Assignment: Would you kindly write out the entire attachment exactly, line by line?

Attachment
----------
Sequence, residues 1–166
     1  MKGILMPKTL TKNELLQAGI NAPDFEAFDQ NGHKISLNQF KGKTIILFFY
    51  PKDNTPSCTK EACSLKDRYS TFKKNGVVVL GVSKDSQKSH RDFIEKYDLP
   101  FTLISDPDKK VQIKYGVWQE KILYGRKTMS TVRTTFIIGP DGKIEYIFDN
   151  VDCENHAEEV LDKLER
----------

Sequence, residues 1–166
     1  MKGILMPKTL TKNELLQAGI NAPDFEAFDQ NGHKISLNQF KGKTIILFFY
    51  PKDNTPSCTK EACSLKDRYS TFKKNGVVVL GVSKDSQKSH RDFIEKYDLP
   101  FTLISDPDKK VQIKYGVWQE KILYGRKTMS TVRTTFIIGP DGKIEYIFDN
   151  VDCENHAEEV LDKLER